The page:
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A Decade with Takashi Miike: An Introduction

Ben Sachs
Takashi Miike's body of work encompasses the most diverse approaches to filmmaking of any director alive today, from direct-to-video police dramas to avant-garde art movies.  On top of this, Miike seems to make no distinction between modes of filmmaking—not only from project to project but within each film itself.  His closest American equivalent might be Quentin Tarantino, who shares a wildly egalitarian view of film history, but Miike is almost unique among living filmmakers in that he advances this view within a traditional studio system.  Where Tarantino, who makes a film every few years, is expected to produce Art, Miike, who releases anywhere from two to seven in a given year, can operate below such scrutiny.  Forgoing Art, Miike has built a career at the intersection of work and play.
And yet Miike's experience in the art world (working with one of Hou Hsiao-hsien's producers on Izo, for instance, or staging a traditional ghost story for the Tokyo stage) remains evident even in familiar genre assignments.  Sometimes it appears in the form of surrealist non-sequiturs, like the garish outfits worn by an otherwise gentle old man in White Collar Worker Kintaro; elsewhere, an avant-garde sensibility overwhelms the work completely, as in the lengthy static shots that crop up even in the Dead or Alive trilogy, hitmen-themed action films.  Where this sensibility at times recalls Luis Buñuel's work in the Mexican studio system, there's little in Miike's films that could be labeled subversive: Rarely does an out-of-place genre reference or behavioral choice imply social critique.  But if Miike's surrealism is inadvertent (and many of his interviews, in which he claims to be working largely by intuition, would suggest this), it is no less worthy of critical consideration, given how surprising, confounding, and generally joyous is the filmmaking surrounding it.  If anything, his connection to such a wide variety of images makes him better qualified to reflect the tangled cultural subconscious at the dawn of the 21st century.
When Miike's films are discussed (at least in English), it's typically in terms of overall output or the overriding "craziness."  This makes sense, given his rate of productivity, but it's unsatisfying if one wants to understand how the films operate and how they act on an audience. (A noteworthy exception to this trend: Tom Mes' instructive book Agitator: The Cinema of Takashi Miike.) The dearth of serious writing is especially surprising when no director this decade came closer to making movies the way cinephiles have learned to assimilate them.  It's not uncommon for today's moviegoer to watch a Jerry Bruckheimer production and a minimalist work by Pedro Costa in one evening, in spite of the bill presenting some irreconcilable contradictions.  The Bruckheimer takes for granted not only genre cliches but the obligation to recycle them over and over, past the point of plausibility, in the name of ceaseless spectacle.  A film by Costa (or, to cite one of Miike's peers, Pen-ek Ratanaruang) tries to deny spectacle entirely, opting instead for careful, unobtrusive observation. Both approaches seem symptomatic of the Information Age (submission to a wave of facts, vigilant surveillance), but they may as well exist in different media, seeing how little the actual films resemble each other.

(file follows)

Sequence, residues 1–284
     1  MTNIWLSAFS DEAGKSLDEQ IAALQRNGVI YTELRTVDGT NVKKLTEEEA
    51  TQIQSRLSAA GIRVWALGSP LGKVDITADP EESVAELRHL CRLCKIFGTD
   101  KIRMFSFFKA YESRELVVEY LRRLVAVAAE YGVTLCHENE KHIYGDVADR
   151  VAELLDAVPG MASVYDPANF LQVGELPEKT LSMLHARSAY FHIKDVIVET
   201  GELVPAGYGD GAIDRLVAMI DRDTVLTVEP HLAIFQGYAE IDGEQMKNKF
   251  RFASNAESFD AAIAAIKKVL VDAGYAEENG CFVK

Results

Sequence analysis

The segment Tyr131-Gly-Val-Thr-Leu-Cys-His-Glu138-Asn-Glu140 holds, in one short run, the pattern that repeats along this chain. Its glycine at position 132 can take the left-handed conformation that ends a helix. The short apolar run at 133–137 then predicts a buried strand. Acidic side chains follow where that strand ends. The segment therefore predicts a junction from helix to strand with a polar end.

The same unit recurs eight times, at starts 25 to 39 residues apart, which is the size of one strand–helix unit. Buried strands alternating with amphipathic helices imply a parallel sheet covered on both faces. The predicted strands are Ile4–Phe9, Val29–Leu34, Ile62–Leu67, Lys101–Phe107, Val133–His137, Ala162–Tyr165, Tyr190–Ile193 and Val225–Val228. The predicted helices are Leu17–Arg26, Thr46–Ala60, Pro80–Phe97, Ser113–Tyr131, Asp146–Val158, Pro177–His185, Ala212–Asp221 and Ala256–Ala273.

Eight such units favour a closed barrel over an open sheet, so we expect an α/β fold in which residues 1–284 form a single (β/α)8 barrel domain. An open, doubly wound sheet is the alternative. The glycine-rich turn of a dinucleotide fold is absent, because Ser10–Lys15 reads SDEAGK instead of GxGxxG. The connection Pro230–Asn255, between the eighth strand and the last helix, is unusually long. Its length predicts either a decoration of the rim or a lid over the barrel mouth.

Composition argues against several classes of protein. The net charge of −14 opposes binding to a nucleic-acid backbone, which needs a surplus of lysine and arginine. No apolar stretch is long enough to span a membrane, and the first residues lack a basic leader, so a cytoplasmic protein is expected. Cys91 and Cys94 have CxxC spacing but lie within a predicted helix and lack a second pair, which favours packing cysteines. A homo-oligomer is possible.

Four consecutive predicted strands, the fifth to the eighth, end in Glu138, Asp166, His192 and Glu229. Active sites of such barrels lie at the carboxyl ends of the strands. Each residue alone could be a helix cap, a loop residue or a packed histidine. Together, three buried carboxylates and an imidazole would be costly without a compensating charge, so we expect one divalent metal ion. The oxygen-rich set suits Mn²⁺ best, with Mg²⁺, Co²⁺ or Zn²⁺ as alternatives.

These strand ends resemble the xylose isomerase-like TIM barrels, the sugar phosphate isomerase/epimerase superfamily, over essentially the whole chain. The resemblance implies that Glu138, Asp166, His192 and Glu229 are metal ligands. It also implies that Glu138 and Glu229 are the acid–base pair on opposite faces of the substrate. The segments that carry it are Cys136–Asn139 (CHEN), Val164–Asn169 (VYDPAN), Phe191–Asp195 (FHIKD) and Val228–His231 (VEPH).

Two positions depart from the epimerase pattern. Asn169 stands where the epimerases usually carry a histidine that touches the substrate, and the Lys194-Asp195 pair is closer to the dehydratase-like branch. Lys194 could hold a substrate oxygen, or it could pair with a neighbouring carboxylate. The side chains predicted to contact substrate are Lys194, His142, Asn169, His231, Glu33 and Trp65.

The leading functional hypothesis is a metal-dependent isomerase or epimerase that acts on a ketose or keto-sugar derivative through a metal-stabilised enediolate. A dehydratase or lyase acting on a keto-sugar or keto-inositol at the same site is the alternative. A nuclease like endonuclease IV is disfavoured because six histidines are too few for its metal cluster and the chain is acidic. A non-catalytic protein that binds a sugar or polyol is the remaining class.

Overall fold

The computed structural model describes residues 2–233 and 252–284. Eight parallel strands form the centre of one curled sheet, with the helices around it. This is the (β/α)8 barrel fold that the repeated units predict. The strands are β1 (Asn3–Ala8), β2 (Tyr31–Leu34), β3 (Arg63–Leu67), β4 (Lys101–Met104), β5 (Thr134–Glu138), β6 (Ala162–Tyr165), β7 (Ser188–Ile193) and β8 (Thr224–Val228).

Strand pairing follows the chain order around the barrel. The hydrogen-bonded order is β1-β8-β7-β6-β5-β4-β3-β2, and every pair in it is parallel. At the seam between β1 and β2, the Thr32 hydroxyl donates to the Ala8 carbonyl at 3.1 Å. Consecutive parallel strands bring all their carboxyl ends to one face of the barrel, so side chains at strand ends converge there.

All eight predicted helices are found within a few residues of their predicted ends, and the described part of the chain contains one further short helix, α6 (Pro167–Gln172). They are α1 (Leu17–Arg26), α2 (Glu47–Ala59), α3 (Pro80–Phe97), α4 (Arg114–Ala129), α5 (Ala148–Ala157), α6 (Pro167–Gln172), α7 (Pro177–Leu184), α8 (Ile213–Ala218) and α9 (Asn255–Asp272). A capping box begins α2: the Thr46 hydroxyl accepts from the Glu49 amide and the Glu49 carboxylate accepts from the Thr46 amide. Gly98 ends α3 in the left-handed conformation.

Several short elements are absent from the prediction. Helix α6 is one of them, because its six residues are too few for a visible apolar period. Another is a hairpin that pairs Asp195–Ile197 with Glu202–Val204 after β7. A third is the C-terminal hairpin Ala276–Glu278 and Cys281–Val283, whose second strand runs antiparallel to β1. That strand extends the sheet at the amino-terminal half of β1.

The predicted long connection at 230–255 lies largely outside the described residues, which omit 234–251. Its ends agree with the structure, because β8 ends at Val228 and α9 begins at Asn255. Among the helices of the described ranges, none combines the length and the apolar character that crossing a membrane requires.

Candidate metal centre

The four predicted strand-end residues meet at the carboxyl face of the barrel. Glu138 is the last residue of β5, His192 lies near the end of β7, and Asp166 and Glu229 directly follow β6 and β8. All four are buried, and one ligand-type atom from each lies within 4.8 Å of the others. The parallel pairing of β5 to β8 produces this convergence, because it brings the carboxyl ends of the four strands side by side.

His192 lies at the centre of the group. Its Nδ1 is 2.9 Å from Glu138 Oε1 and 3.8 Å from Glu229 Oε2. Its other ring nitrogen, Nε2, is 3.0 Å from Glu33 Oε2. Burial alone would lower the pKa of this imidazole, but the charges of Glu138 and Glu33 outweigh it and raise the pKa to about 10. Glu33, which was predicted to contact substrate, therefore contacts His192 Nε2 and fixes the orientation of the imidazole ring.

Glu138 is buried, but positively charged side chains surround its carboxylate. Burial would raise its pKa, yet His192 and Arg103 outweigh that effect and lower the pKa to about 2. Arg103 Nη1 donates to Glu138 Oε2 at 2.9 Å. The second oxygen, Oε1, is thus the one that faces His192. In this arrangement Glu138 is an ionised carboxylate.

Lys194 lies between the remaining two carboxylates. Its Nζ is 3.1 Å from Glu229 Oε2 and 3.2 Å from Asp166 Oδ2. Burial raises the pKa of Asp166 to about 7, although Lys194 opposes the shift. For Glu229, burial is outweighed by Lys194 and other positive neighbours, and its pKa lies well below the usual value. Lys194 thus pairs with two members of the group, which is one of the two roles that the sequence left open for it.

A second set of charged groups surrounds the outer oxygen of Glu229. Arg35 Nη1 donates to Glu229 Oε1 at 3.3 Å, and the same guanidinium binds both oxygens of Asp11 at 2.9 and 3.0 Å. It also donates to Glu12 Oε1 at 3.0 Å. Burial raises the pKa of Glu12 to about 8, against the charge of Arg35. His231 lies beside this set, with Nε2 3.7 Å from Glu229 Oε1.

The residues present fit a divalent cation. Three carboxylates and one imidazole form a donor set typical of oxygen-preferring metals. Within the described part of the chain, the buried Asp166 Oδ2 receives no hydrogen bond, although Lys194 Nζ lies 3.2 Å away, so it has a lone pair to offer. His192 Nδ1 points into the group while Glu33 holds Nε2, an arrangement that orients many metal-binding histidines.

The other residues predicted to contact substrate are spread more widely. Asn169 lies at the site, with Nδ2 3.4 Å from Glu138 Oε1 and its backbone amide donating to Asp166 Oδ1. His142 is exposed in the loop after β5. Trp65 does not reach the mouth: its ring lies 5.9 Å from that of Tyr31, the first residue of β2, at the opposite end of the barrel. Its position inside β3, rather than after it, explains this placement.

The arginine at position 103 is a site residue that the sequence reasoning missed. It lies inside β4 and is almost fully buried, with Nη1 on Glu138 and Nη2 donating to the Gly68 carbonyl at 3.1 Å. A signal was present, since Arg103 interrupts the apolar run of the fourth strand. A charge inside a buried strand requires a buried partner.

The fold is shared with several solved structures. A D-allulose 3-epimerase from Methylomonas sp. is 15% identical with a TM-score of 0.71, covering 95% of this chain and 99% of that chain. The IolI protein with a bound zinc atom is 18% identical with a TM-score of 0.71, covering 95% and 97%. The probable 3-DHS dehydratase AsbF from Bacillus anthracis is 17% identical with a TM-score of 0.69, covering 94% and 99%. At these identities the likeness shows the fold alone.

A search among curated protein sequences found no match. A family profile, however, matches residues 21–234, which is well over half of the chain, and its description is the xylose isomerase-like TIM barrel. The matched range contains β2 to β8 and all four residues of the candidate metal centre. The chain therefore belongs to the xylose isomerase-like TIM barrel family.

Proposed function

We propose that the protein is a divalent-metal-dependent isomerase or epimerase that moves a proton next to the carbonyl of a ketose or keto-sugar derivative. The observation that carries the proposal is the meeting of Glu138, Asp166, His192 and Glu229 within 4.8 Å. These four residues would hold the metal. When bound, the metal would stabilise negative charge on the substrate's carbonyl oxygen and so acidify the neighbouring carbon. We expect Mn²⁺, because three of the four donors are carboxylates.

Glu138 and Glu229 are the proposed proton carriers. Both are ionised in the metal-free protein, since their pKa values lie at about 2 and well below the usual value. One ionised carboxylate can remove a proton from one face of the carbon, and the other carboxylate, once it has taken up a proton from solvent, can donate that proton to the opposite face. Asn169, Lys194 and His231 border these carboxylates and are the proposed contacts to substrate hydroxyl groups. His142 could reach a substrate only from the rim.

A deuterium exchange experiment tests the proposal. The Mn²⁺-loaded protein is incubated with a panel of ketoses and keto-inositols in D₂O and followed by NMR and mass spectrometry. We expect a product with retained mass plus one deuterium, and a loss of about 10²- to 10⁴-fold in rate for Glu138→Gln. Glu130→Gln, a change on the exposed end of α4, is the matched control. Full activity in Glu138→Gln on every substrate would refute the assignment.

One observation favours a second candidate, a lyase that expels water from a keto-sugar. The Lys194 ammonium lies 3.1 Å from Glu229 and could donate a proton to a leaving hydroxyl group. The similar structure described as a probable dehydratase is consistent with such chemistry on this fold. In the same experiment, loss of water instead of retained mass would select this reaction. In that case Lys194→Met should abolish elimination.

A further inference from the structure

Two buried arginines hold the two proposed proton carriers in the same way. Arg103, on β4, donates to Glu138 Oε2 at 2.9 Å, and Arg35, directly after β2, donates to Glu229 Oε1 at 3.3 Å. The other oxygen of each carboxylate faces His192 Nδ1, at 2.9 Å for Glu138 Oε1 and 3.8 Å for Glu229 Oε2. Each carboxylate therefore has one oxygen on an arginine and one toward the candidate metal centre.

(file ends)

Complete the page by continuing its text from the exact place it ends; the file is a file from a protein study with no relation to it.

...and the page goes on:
Incorporating sources as diverse as these—as well as many, many others—Miike's films suggest a common ground where all moviemaking can converse.  Not since Jean-Luc Godard in the 1960s has a filmmaker's approach to cinema been this holistic.  But when Godard started making films, the distance between Antonioni and Monogram Pictures (to cite two poles of art and commerce) was not nearly as large as the gulf that today separates Bruckheimer and Costa.  To bridge these two in a single film is to risk madness, but such wild combinations also carry the promise of new discoveries, perhaps a new cinema that makes old distinctions irrelevant.
This introduction will begin a series of essays that will look at selected films Takashi Miike has directed since the year 2000.  It will look at the films themselves (in terms of theme, character, tone, etc.) and how each one reacts to various currents of filmmaking.  It's an exercise that doubles as a survey of cinema today; we hope it yields something like a unified image.  Because no matter what was going on in movies these past ten years—low-budget experiments on digital video, CGI-filled fantasies, direct-to-video knockoffs of bigger hits, the global minimalist movement, musicals for pre-teens, the arthouse appropriation of hardcore sex, the rebirth of exploitation film gore—Miike was there, attempting something like a democratic overhaul of it all.
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